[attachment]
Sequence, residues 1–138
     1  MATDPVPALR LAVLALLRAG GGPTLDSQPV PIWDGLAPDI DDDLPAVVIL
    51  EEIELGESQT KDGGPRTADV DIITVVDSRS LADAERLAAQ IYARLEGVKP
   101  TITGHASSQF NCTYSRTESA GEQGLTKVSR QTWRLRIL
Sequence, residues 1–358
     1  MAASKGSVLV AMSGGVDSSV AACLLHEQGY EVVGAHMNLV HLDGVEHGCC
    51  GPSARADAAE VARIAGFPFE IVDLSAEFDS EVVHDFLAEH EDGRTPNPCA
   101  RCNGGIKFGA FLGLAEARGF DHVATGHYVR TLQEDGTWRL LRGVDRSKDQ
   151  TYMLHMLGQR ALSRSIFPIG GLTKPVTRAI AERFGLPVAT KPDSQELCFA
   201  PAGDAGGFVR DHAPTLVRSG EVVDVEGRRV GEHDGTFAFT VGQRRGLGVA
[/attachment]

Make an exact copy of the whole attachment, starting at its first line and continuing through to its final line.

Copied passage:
Sequence, residues 1–138
     1  MATDPVPALR LAVLALLRAG GGPTLDSQPV PIWDGLAPDI DDDLPAVVIL
    51  EEIELGESQT KDGGPRTADV DIITVVDSRS LADAERLAAQ IYARLEGVKP
   101  TITGHASSQF NCTYSRTESA GEQGLTKVSR QTWRLRIL
Sequence, residues 1–358
     1  MAASKGSVLV AMSGGVDSSV AACLLHEQGY EVVGAHMNLV HLDGVEHGCC
    51  GPSARADAAE VARIAGFPFE IVDLSAEFDS EVVHDFLAEH EDGRTPNPCA
   101  RCNGGIKFGA FLGLAEARGF DHVATGHYVR TLQEDGTWRL LRGVDRSKDQ
   151  TYMLHMLGQR ALSRSIFPIG GLTKPVTRAI AERFGLPVAT KPDSQELCFA
   201  PAGDAGGFVR DHAPTLVRSG EVVDVEGRRV GEHDGTFAFT VGQRRGLGVA